Ideas or values are not always testable or falsifiable: science can neither prove nor disprove them. For example, the famous Viennese neurologist Sigmund Freud, father of psychoanalysis, believed that the unconscious part of our mind is ultimately responsible when we experience anxiety, depression, and other negative emotions. He thought that emotional conflicts and adverse childhood experiences became lodged in the unconscious because consciously acknowledging them was threatening to our sense of wellbeing. This theory is built on a largely untestable idea: the existence of an unconscious. Given that by definition we cannot describe it, it is difficult to see how we could prove its existence or its role in our lives. That does not mean that the unconscious does not exist, but as we’ll see, we need to find a way to look for its existence using testable and falsifiable hypotheses.

Although scientists use research to help establish facts, the distinction between values or opinions and facts is not always clear-cut. Sometimes statements that scientists consider to be factual turn out later, on the basis of further research, to be partially or even entirely incorrect. Although scientific procedures do not necessarily guarantee that the answers to questions will be objective and unbiased, science is still the best method for drawing objective conclusions about the world around us. When old facts are discarded, they are replaced with new facts based on new and correct data. Although science is not perfect, the requirements of empiricism and objectivity result in a much greater chance of producing an accurate understanding of human behaviour than is available through other approaches.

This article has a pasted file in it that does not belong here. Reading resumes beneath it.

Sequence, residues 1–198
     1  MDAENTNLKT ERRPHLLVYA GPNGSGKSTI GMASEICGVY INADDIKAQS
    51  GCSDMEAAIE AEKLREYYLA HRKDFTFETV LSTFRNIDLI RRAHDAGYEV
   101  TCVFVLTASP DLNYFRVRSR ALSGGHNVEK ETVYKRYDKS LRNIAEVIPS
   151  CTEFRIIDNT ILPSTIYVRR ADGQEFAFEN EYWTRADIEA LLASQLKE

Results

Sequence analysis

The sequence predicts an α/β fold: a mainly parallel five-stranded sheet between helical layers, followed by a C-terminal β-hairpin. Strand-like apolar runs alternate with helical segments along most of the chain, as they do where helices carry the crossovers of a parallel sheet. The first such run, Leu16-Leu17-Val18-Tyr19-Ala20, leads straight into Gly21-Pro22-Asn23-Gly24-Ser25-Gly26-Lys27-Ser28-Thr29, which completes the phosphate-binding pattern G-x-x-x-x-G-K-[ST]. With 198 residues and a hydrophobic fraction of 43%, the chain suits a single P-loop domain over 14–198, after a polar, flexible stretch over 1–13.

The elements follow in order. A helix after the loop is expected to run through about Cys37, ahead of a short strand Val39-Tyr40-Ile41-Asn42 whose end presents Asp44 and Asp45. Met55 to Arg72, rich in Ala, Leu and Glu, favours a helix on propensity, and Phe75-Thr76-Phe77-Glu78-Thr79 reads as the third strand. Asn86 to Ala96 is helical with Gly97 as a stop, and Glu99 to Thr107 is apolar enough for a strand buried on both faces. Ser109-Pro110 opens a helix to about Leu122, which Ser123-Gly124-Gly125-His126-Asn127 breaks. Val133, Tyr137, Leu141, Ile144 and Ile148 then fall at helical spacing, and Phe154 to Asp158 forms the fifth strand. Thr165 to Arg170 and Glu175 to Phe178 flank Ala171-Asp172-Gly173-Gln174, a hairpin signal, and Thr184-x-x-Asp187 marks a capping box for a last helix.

Levels of explanation in psychology

The study of psychology spans many different topics at many different levels of explanation. Lower levels of explanation are more closely tied to biological influences, such as genes, neurons, neurotransmitters, and hormones, whereas the middle levels of explanation refer to the abilities and characteristics of individual people, and the highest levels of explanation relate to social groups, organizations, and cultures (Cacioppo, Berntson, Sheridan, & McClintock, 2000).